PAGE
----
AP and College Credit

Advanced Placement (AP), Pre-AP, Concurrent Credit, and CLEP:

Why take a college-level course during high school?

Earn college credit at a fraction of the cost and avoid high tuition for freshmen level courses. Free hours up to spend more time with subjects you enjoy in college. Enhance your high school resume with challenging courses. Use these courses to further explore a subject that interests and challenges you!

The following information explains four ways Little Rock Christian offers to achieve college credit:

Students should read the “Credit by Exam” or “Transfer Credit” webpages of the college or university they plan to attend to make sure that credit will be granted, and if so, what type of credit. Each institution has the discretion to determine what type of credit will be accepted.

Advanced Placement and Concurrent Credit

The most popular means of achieving college credit at Little Rock Christian involve two similar, but separate programs. While both programs offer the possibility of college credit, their end goals and some details are quite different. In order to help decide which is the best t for you and your needs, the chart below offers a side-by-side comparison of some frequently asked questions.


Advanced Placement:

Concurrent Credit:

What is its purpose?
Prepares students to pass a national, standardized exam through a year-long academically challenging course.


What is its purpose?

Afford students the opportunity to earn transferable college credit through a sponsoring organization while simultaneously earning high school credit.


Are there any extra costs?

Each AP exam cost approximately $95 billed to your student account.



Are there any extra costs?

Each credit hour costs approximately $110 billed to your student account. A standard three-hour course will cost approximately $330. This rate is significantly cheaper than typical college rates.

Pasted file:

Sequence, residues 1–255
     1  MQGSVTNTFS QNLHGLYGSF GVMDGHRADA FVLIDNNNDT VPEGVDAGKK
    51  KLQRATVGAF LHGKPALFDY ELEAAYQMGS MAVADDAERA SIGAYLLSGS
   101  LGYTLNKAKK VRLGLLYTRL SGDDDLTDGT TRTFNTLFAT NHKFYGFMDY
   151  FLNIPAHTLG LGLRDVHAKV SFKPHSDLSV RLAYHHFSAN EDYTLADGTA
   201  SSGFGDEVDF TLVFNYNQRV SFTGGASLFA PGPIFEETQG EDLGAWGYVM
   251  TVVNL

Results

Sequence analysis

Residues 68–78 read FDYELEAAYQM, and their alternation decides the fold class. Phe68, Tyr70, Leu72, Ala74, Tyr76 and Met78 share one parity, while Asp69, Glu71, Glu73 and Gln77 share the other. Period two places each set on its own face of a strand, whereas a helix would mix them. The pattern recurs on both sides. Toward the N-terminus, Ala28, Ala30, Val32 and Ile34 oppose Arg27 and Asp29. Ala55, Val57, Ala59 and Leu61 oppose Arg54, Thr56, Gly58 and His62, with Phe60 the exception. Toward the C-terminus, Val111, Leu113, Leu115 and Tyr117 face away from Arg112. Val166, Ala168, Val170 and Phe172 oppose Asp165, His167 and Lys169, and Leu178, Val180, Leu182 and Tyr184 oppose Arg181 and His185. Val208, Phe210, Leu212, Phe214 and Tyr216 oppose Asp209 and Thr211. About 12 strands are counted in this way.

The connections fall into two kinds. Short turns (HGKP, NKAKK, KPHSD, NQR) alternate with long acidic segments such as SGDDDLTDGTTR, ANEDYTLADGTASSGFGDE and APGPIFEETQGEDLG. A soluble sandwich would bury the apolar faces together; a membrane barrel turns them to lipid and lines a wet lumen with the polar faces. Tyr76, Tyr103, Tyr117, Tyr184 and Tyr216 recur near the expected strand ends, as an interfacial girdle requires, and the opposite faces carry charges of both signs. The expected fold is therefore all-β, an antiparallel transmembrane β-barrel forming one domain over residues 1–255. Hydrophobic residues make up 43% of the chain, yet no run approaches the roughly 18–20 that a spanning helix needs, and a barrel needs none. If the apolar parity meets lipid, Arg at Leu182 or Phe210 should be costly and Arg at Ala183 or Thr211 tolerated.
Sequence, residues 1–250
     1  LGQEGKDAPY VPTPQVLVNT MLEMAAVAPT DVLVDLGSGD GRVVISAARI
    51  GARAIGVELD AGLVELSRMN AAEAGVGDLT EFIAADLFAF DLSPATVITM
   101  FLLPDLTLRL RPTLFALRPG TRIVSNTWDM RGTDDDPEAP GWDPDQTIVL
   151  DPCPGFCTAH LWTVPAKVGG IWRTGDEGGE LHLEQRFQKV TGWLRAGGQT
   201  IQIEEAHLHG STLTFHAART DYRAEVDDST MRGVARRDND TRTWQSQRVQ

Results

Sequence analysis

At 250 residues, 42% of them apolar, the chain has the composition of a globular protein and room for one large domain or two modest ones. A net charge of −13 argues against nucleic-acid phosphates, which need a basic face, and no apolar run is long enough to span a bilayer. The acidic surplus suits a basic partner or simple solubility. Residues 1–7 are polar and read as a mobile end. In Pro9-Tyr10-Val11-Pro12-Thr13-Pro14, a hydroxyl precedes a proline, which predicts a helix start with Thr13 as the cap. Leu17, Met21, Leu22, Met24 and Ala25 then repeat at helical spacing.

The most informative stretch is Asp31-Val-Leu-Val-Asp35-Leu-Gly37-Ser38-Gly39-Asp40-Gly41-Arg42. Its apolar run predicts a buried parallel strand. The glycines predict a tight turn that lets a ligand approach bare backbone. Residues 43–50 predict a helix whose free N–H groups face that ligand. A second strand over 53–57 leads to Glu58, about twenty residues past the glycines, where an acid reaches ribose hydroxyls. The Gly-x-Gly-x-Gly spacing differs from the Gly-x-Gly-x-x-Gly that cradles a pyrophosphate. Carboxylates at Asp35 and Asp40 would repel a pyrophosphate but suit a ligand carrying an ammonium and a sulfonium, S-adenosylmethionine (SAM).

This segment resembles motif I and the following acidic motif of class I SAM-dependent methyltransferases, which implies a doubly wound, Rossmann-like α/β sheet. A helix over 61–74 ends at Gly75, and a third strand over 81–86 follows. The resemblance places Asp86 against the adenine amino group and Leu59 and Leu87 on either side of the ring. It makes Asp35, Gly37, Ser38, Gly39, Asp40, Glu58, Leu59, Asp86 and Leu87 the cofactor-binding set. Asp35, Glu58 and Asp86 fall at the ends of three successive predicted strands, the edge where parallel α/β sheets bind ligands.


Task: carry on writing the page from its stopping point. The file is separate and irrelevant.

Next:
How am I eligible?

Individual courses have different requirements. However, GPA, PSAT scores, and teacher recommendations are all basic components of these criteria.



How am I eligible?Students are required to have the following prerequisites to be eligible for concurrent enrollment:

  • Junior or Senior status
  • 3.0 unweighted cumulative GPA and minimum 20 ACT composite OR 950 SAT CR+M
  • Rising junior applicants may use a 20 PLAN composite OR 100 PSAT CR+M combined with a minimum 3.25 cumulative GPA
  • Must have at least 1 recommendation or endorsement from a teacher in a related subject.
  • Additional prerequisites may apply. See individual course descriptions.

How is credit earned? Students earn credit by achieving a score between 3 – 5 on the AP exam at the end of the year.

Note: Not all colleges accept AP credit, and those that do offer varying amounts of credit based on scores and speci c majors.


How is credit earned? Students earn transferable college credit by passing the sponsor institutions required assessments with a C or above.

Note: Unless a student attends the sponsor institution, the credit transfers as Pass or Fail rather than a letter grade.


Is it graded differently?

AP courses are weighted (e.g. an extra point is added on the transcript, so an A carries a weight of 5.0 points rather than 4.0)


Is it graded differently?

Concurrent enrollment courses are weighted (e.g. an extra point is added on the transcript, so an A carries a weight of 5.0 points rather than 4.0)

What courses are offered?
Math & Science:
Calculus AB
Calculus BC
Statistics
Biology
Chemistry
Physics I

Arts & Humanities:
Literature & Comp
Language & Comp
United State History
World History
US Government & Politics
Psychology
Music Theory

What courses are offered?

1 Semester (3 hours each):
EGL 1013 English I: Composition
EGL 1023 English II: Literary Analysis & Research HST 2113: US History to 1865
HST 2123: US History since 1865


2 Semesters (3 hours):
MTH 1113: College Algebra

*Limit of 2 per semester



Is this right for me? AP courses meet rigorous speci cations mandated by College Board. These courses are designed to be challenging and are geared to serious students.